When you are the MC, you are in charge of the program and that includes emergencies. If someone shows signs of having a heart attack or if there is smoke in the room, you will be expected to take charge and instruct the audience exactly what to do. You should know the exits and the plans to evacuate the room if necessary.

If a speaker goes way overtime, you will need to interrupt the speaker and lead the applause while saying something nice as the speaker is leaving the stage. If you have hecklers you have the authority to request the heckler to leave the room. No matter what challenges you encounter,
remain positive or at least neutral at all times.

Being a good Master of Ceremonies will not be noticed as much as being a poor Master of Ceremonies. You will be remembered and appreciated for keeping the program on time and on track. Remember the quality of the program is won or lost in the preparation and planning. An ill planned program will fail no matter how well the MC does. Plan well and practice well and lead well and you will do well.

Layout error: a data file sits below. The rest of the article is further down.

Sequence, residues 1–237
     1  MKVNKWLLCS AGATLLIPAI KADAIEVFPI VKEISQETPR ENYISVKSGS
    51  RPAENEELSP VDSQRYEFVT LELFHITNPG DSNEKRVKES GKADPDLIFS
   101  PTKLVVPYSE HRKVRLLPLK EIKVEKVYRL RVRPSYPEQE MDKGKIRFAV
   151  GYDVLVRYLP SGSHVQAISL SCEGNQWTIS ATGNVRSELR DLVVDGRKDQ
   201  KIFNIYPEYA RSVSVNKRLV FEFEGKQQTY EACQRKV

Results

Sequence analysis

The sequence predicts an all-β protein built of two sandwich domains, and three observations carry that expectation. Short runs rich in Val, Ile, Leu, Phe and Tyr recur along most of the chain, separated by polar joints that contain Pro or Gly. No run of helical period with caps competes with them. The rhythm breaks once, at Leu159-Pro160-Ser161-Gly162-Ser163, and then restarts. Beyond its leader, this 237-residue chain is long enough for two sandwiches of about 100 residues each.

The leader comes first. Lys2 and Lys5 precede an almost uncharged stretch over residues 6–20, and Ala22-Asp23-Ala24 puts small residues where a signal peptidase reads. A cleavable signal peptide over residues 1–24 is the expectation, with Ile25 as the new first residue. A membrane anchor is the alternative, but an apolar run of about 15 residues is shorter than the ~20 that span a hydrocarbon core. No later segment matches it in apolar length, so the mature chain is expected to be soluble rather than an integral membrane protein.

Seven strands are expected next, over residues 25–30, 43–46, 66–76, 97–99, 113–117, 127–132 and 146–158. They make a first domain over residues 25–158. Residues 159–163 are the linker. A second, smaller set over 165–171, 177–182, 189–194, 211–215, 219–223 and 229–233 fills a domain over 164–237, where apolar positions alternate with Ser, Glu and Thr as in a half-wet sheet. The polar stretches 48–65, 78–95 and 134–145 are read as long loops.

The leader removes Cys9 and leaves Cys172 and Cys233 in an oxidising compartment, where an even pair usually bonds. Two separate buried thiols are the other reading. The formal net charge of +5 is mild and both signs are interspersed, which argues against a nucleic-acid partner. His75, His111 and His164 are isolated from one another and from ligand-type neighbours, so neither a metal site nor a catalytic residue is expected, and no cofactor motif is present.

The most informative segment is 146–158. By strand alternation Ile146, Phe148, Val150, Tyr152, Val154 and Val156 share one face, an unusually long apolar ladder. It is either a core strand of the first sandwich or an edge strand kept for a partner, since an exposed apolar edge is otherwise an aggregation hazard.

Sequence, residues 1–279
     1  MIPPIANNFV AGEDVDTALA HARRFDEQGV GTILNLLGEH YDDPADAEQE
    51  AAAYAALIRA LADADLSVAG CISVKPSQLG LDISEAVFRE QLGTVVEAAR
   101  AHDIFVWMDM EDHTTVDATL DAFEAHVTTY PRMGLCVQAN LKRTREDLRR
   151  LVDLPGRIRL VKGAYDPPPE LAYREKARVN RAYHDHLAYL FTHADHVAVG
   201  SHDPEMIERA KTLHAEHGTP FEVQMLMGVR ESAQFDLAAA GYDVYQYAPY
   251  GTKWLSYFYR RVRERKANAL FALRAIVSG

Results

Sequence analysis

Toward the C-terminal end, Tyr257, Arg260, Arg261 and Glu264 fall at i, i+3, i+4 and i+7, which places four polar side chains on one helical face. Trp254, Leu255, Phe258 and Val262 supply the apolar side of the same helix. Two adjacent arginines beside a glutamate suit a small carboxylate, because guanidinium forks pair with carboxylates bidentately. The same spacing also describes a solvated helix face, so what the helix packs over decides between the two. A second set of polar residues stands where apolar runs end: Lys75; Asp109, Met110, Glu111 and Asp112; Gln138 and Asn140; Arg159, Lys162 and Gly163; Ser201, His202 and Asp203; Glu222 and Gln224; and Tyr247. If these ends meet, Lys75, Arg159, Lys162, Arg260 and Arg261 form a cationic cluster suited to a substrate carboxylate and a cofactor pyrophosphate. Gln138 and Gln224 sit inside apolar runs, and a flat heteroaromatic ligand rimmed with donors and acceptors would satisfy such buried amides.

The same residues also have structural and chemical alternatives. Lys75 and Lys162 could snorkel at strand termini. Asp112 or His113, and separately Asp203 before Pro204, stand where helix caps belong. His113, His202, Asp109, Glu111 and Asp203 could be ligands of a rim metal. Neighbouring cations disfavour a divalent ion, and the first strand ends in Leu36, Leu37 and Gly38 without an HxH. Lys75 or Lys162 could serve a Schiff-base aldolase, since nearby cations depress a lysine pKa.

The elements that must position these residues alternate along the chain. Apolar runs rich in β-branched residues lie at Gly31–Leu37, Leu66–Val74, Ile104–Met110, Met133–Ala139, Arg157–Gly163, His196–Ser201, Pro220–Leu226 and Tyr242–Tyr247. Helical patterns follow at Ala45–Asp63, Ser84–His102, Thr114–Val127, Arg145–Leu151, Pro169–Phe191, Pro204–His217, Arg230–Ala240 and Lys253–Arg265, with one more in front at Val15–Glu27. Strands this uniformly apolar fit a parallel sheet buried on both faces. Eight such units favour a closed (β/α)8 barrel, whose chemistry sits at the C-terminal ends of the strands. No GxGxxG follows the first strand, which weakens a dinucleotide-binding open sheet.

One last thing… Have fun and let the audience have fun with you. It is very rewarding to know you have accomplished a program in a truly professional way.

Article authored by Victor Broski and Jack Nickols. Slightly edited by Lionnel Yamentou.

Bobbi Hall

Talk Title:
“Disconnect to Connect”

Who’s in charge, you or your phone? Ask yourself; when your phone rings, do you have to answer it? Is it compelling? Is it a habit? Is it rude? Studies show we are compromising conversation and not connecting as humans as a result of choosing to be connected to our devices. We are swiping, scrolling, emailing, texting and reading. We are obsessed with
our phones and our devices are managing us; instead of “us” managing our devices.

During this talk, you will learn not only why we are so hooked to our electronic devices, but also how to disconnect from them and enjoy new depths of connection with the people around you.

About Bobbi:
Bobbi Hall Portrait PhotoBobbi Hall was born and raised in Texas and has a Bachelor of Arts in Fashion Merchandising. Bobbi is an expert on perseverance and not giving up; forced to overcome adversity from an early age she spent years making bad choices and paid grim consequences. After falling hard, Bobbi chose to find faith and her life took a sizable change of direction.

Bobbi volunteer as a speaker for YMTF, “Youth Motivational Task Force” and speaks to students about the importance of getting an education and making wise choices if you want to be successful. She is an emerging speaker, owns “My Granny’s Cookies” her cookie company. Bobbi is a published author, singer and songwriter. Keep your eye out for her